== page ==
location of the end of the traffic jam is unpredictable); and
The basic concept behind the cooperative applications is
routes for which alternatives are available.
interoperability, both technical and content (information)
wise. The information application can operate with existing Summary: Why should investment be made
systems such as traffic information sources which are in the application?
integrated with existing in-car presentation platforms. Traffic managers can give personalised information and
The Information Application can run as a standalone improve efficiency of the road network with the Information
application. The benefit of the application can be higher Application. Benefits can be seen for low penetration rates
if – for example – cooperative vehicles are operational and and benefits include more efficient use of existing road
utilised as sensor, sender and receiver of traffic and road infrastructure, safety benefits, reduced congestion and
condition information. reduced emissions.
Flexible Bus Lane
Dedicated lanes or bus lanes for public transport improve the speed of public transport services, but they take up
a lot of space, leaving unused capacity in crowded cities. So – in the interest of satisfying other policy objectives –
why not share them among some other pre-identified vehicles?
In the CVIS context, vehicles
are equipped with an
intelligent device that uniquely
identifies them and is able to
communicate with the roadside
infrastructure and also with
other vehicles. This cooperative
system enables specific
vehicles to access a bus lane
through a negotiation process
that increases the efficiency of
the infrastructure by inducing a
better traffic flow and reducing
the vehicles’ travel times
to reach their destinations,
while ensuring an undisturbed
passage of public transport
vehicles and preventing delays
to journey times.
Flexible Bus Lane Application. Source: CVIS
Benefits • Type of the bus lane: a physically separated bus lane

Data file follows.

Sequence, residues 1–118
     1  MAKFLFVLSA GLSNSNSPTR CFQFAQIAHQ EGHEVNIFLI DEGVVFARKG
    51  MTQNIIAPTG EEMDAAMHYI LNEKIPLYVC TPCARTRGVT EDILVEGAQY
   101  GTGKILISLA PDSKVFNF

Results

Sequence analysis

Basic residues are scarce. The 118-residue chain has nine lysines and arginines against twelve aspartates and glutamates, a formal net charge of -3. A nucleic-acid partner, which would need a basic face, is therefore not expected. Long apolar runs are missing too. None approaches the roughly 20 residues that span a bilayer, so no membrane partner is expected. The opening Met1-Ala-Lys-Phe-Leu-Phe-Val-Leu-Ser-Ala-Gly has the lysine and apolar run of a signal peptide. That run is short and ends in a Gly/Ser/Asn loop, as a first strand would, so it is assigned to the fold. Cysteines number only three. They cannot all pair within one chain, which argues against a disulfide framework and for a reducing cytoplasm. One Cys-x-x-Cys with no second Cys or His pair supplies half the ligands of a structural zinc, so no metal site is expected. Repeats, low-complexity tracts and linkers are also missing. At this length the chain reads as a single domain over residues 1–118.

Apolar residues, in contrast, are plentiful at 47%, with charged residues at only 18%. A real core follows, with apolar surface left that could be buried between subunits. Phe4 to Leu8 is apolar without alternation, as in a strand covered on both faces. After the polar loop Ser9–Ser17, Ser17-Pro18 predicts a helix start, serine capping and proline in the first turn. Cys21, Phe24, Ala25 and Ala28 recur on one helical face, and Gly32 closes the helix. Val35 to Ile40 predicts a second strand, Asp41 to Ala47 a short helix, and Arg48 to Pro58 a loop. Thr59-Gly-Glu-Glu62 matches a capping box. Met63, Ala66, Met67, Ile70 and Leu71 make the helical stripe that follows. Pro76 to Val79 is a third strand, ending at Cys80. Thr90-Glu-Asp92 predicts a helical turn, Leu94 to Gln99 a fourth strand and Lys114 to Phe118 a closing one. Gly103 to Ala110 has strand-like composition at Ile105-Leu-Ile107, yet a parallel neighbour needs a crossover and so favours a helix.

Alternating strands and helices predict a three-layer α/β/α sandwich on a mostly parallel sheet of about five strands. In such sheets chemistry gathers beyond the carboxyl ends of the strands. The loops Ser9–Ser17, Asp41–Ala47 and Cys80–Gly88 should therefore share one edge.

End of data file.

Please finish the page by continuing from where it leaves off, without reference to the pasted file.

The main objective of this application is to increase the is less flexible once traffic has entered the bus lane,
road capacity on certain road sections in urban areas compared to a bus lane alongside normal lanes for
by providing temporary access to bus lanes to selected general traffic, since vehicles can only enter/exit the
vehicles, while ensuring an undisturbed passage of public lane in predefined places.
transport vehicles. • Type of bus stops: kerb-side stops have a huge
disadvantage over bus bays as the bus lane is fully
Certainly, the usage of reserved bus lanes by certain
blocked when the bus halts.
private vehicle categories can be permitted inline with
local traffic management policies. For instance: certain • Traffic situation in the vicinity of the start of the bus
freight companies can be granted access to the bus lane: traffic lights, right of way rules and the volumes
lanes if they have certain ‘green’ credentials, in order and manoeuvres of traffic flows can influence the
to encourage environmentally friendly behaviour from delay of vehicles significantly, even before entering
freight companies; or car-sharing vehicles could have the bus lane.
access to the bus lane if the project is being launched in • Traffic situation in the vicinity of the end of the bus
order to encourage users to try out the system. lane: traffic lights, right of way rules and the volumes
and manoeuvres of traffic flows can influence the
It is extremely important that the vehicles entering the
delay of general traffic and buses significantly, even
bus lane do not detrimentally affect the performance of
after leaving the bus lane.
buses: and this application can only be implemented in
certain networks, and on certain bus lanes to ensure that
the vehicles do not undermine the performance of buses.
Based on simulation studies, there are four factors that
affect the success of the Flexible Bus Lane Application: